What do you hope to accomplish with the content you’re distributing? Goals of a content strategy that fuels marketing and business objectives may include:

    • Driving revenue and purchases
    • Generating leads for a service
    • Increasing newsletter subscriptions
    • Growing your audience (“following”)
    • Developing brand awareness and trust
    • Targeting new customers in new demographics

    “Every company has their leadership put forth business goals they want to achieve, and then sales and marketing syncs up with that. Content should be no different. At 3 Aspens Media, we are an extension of our clients’ teams. The main things we need to understand are company business goals and sales and marketing objectives. If we’re not part of that communication chain, we’re not going to be in sync with the rest of the company.” Teri Vannoy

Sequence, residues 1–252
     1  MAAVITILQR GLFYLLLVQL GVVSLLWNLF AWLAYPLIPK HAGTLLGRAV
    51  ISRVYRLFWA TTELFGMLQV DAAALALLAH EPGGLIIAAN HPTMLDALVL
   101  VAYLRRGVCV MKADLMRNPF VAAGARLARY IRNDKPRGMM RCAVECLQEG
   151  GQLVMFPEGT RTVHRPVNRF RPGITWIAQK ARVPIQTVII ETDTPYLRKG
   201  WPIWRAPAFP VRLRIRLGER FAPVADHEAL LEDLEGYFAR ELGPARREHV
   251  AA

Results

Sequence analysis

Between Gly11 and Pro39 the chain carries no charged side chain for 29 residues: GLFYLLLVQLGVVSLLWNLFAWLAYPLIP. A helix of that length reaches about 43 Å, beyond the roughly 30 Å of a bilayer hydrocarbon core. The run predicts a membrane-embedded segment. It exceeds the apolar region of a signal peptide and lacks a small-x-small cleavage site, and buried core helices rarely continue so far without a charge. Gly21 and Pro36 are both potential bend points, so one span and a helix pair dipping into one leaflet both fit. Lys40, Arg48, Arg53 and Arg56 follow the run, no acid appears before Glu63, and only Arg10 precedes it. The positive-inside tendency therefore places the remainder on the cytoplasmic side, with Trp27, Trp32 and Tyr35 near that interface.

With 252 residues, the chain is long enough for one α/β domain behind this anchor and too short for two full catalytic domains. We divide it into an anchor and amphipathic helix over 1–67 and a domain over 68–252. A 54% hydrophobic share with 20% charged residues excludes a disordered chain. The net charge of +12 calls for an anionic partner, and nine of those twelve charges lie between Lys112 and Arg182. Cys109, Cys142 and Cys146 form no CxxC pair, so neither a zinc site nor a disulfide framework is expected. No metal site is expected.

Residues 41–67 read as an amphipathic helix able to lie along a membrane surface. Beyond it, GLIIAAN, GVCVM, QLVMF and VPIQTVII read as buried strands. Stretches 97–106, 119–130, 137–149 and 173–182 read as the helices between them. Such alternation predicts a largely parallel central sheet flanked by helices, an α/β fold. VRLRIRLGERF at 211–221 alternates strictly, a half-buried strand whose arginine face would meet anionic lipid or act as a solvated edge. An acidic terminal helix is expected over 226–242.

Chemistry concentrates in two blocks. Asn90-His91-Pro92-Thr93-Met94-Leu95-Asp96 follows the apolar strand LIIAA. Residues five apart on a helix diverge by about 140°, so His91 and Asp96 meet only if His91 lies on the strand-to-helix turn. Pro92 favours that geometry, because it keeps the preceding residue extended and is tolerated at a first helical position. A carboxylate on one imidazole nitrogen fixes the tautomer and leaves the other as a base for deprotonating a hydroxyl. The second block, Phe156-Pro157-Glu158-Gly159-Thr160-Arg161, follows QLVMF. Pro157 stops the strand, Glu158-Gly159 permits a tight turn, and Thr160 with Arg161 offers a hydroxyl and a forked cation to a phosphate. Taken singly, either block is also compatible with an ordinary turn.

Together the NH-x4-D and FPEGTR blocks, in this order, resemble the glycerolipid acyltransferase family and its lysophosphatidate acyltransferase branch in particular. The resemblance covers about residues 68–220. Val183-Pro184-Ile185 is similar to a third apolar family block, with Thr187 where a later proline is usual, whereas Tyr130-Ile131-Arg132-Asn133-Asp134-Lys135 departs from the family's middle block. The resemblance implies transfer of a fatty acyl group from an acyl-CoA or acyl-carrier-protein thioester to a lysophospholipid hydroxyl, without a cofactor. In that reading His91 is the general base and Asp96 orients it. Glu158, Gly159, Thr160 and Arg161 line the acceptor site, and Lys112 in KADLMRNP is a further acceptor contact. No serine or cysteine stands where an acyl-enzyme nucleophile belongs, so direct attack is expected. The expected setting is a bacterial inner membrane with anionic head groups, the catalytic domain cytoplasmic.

Brand Identity

    It’s important to include brand identity in your content strategy to determine how you’ll convey that identity in your content. For example, the tone, voice and style of your content should reflect your brand (serious, funny, academic, plain speak, etc.).

    Competitive Research

    Research what your competition does well and what they don’t do well – or at all. How do they perform in search? Which keywords do they rank for? Determine how you can differentiate yourself with your strategy. Also, research companies in other markets that produce similar content to yours. What can you learn from them?